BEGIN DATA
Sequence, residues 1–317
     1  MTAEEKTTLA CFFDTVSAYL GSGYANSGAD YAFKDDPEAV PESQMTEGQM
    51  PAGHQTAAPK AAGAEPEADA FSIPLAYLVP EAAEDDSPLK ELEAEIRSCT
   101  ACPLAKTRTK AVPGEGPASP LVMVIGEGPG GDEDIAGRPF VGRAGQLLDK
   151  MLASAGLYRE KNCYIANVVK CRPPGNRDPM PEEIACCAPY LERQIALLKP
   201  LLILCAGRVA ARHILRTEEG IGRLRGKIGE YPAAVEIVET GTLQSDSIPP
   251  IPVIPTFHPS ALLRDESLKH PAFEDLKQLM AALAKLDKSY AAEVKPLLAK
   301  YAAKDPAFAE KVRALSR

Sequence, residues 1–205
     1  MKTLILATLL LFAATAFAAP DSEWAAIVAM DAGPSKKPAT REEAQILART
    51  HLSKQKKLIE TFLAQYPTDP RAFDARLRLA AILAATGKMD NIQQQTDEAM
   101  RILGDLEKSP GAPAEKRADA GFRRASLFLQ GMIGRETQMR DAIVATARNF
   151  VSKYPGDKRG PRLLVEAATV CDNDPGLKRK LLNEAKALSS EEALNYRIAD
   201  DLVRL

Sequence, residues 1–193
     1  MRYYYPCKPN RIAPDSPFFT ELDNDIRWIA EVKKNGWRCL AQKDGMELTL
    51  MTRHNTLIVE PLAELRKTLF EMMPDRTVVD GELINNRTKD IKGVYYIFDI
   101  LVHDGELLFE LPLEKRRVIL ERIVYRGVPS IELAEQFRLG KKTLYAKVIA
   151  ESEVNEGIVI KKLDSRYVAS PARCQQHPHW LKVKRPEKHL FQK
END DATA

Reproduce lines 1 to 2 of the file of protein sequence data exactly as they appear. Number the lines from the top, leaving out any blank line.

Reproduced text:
Sequence, residues 1–317
     1  MTAEEKTTLA CFFDTVSAYL GSGYANSGAD YAFKDDPEAV PESQMTEGQM